Maybe the industry has matured. Maybe there’s just more funding. Maybe company and project treasuries have wisely diversified their assets into fiat, cushioning the crash and giving them more runway.

Maybe. Or maybe we’ll all soon be flipping burgers at McDonald’s.

 

Updated: 6-28-2022

OKX To Increase Staff By 30% Despite Market Downturn

The crypto exchange wants to have 5,000 employees.

At a time when many crypto exchanges are announcing hiring freezes and layoffs, crypto exchange OKX plans to increase its headcount by 30%, according to Lennix Lai, the platform’s director of financial markets.

The Seychelles-based company believes a staff of 5,000 would be the right number, Lai said Monday on CoinDesk’s TV “First Mover” program.

The cryptocurrency platform now is “mostly focused on increasing our headcount on product and tech,” he said. “We are gradually becoming a lot more internationalized.”

Plans to grow for the exchange come amid a crypto winter that has wreaked havoc on the cryptocurrency and equity markets, prompting exchanges, such as Coinbase, Crypto.com, BlockFi, Gemini and Rain Financial, to cut jobs.

Nonetheless, some exchanges are moving in the opposite direction. Fidelity Digital Assets, for example, plans to double its staff.

Lai said that OKX is hiring because of “a lot of bottleneck” requiring the platform to expand.

As for remote work, he said the company offers employees “a lot of flexibility and freedom to pick where they work,” although OKX likes the idea of employees working from the office.

“We still encourage our employees to actually come to the office, have a meeting or have tea and have a real-time discussion with the team,” Lai said.

Updated: 6-30-2022

How To Start A Career In Crypto? A Beginner’s Guide For 2022

Getting started in a cryptocurrency career may appear complicated at first, but it gets easier as one sets out a clear path to follow.

The cryptocurrency industry is arguably one of the fastest-growing industries in the world. With its decentralized finance (DeFi) system and blockchain technology, crypto has become an attractive career path for those interested in technology and finance.

As expected of any fast-growing sector, growth has also led to a corresponding increase in demand for talented individuals to build the space.

According to a KoreanAITimes report, cryptocurrency and blockchain jobs grew by a whopping 118% between September 2020 and July 2021.

Even in the correct market downturn, where some firms have paused hiring or cut staff from their rosters, others are actively searching for and onboarding staff.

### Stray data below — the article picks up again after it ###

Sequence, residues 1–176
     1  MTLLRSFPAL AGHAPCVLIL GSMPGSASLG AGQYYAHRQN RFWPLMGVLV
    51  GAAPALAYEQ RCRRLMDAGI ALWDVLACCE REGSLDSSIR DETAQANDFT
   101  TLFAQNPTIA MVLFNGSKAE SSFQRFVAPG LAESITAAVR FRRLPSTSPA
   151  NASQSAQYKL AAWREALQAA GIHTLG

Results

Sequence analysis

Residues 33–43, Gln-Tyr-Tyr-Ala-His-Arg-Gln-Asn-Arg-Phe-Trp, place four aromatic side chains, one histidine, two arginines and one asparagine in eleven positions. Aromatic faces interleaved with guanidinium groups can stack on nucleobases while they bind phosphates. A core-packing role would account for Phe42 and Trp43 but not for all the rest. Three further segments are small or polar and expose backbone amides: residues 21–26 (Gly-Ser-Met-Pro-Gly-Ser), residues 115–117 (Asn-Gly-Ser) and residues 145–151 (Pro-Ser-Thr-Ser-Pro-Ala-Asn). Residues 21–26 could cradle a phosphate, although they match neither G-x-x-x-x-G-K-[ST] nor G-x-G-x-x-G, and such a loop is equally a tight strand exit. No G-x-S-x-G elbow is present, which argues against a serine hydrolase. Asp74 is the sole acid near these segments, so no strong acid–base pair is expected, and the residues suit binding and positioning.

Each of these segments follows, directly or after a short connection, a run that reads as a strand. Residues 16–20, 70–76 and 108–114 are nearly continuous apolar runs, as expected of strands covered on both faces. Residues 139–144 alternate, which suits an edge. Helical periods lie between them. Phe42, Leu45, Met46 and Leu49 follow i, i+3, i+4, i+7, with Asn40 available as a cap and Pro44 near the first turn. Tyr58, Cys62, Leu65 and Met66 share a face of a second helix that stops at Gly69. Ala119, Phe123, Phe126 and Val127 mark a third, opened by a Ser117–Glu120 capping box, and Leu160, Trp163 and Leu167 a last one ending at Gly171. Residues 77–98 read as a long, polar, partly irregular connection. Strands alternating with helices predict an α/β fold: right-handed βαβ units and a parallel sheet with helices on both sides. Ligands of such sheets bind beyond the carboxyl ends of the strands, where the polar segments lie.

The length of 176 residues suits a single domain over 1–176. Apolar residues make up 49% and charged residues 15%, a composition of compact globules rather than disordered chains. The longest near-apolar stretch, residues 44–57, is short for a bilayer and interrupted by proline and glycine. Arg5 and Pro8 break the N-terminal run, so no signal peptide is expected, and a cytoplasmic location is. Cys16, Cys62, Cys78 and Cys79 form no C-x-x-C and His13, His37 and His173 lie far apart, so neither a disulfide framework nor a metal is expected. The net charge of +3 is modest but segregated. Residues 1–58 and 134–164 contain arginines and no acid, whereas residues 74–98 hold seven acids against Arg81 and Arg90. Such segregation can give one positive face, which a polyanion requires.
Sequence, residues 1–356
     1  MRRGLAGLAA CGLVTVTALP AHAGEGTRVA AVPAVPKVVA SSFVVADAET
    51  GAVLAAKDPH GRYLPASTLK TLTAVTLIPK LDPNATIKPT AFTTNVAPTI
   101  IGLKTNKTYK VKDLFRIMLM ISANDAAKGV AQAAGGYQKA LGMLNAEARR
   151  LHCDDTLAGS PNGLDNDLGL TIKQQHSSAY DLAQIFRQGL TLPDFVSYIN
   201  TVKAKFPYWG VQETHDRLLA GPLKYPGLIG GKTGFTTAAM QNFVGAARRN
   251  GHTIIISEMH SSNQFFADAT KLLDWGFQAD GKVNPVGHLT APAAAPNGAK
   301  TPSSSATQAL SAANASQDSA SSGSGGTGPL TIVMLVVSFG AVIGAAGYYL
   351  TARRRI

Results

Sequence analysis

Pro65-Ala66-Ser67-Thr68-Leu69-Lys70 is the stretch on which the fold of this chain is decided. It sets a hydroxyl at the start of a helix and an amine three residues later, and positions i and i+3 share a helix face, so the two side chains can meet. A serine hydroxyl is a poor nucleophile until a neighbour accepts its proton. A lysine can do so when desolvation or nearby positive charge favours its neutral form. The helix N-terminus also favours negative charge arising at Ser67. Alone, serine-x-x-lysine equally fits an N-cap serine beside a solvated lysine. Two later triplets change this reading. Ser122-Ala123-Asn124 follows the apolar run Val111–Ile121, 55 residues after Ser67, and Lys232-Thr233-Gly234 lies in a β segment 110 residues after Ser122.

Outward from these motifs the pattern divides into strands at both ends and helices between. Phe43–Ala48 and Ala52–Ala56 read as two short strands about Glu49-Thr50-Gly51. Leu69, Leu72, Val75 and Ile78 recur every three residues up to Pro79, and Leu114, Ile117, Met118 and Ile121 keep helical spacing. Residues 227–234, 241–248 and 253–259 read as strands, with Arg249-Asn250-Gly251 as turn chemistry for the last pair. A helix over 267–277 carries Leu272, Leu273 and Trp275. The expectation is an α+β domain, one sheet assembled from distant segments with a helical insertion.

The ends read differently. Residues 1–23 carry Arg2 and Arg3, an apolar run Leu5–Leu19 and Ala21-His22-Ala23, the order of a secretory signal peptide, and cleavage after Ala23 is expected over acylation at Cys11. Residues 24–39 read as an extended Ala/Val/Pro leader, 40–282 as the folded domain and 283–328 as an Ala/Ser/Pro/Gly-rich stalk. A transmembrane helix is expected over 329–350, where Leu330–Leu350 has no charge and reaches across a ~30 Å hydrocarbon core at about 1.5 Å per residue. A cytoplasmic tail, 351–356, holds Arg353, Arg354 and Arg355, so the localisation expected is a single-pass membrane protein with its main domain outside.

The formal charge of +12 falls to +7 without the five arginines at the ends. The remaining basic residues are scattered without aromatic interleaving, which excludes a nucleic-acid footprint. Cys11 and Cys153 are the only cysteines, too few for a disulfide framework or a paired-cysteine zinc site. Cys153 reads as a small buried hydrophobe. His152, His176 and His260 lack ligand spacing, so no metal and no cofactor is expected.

There are tons of career paths to choose from in the cryptocurrency industry. So whether you are simply looking to become a content creator in cryptocurrency, a trade analyst, or even a blockchain engineer, you are in the right place.

5 Steps To Kick Off A Cryptocurrency Career

A cryptocurrency career can’t start from nothing. If you’re looking for a job in the blockchain and cryptocurrency industry, you’ll need to familiarize yourself with the space and take the necessary steps to prepare yourself for your search and ensure that your CV stands out.

1. Get Acquainted With Cryptocurrencies

By familiarizing yourself with the various digital currencies that exist in this new field, a person searching for a crypto career already sets themself up nicely for the journey ahead.

Some of the most popular cryptocurrencies include Bitcoin (BTC), Ether (ETH), Ripple (XRP), Litecoin (LTC) and Tether (USDT). And, if you want to work with them professionally, you must know a thing or two about their structures and how they came about.

2. Learn About Cryptography

Cryptography refers to ways of passing information using codes. This is the very basis upon which cryptocurrency was founded. The essence of cryptography is that whenever a piece of information is coded in some way, only the party for whom the information was originally intended can read and process it.

That is why cryptocurrency uses cryptography to keep them more secure. So, before you take that career dive into the world of cryptocurrency, you might want to take a course in cryptography.

3. Take An Honest Look At Your Skills

This is a very vital step that helps to decide which aspect of the crypto industry you could fit into. It is important to note that a lot of the cryptocurrency jobs are STEM jobs, which are jobs relating to science, technology, engineering and math.

This would include jobs in programming, software development, computer engineering and electrical engineering.

However, this does not mean that there are no career opportunities for those without STEM skills. While those who already have a background in writing may pursue crypto content writer roles, others may explore openings in marketing, business management and communications.

Andrew Vranjes, Vice-President Of Sales And General Manager, Asia-Pacific At BlockDaemon Told Cointelegraph:

“When I am hiring, I’m not fixated on the applicants’ educational background but more of the practical and transferable skills which they’ve established over the years and if they will be a great culture fit.”

“Fundamentals and people who have functional skills are becoming more important — We are always looking for individuals who are passionate and looking to grow with the blockchain space,” he added

4. Networking

Don’t underestimate networking. Networking and connecting with industry experts can be instrumental in progressing in the industry. You want to see and know professionals who have walked the path you are about to embark on.

You also want to learn from top professionals in the role that you’ve chosen. So, if you take networking seriously, it can help your career grow.

There are some professional networking sites like LinkedIn and other forums, but there is also the traditional method of meeting people at conferences and establishing a professional relationship with them.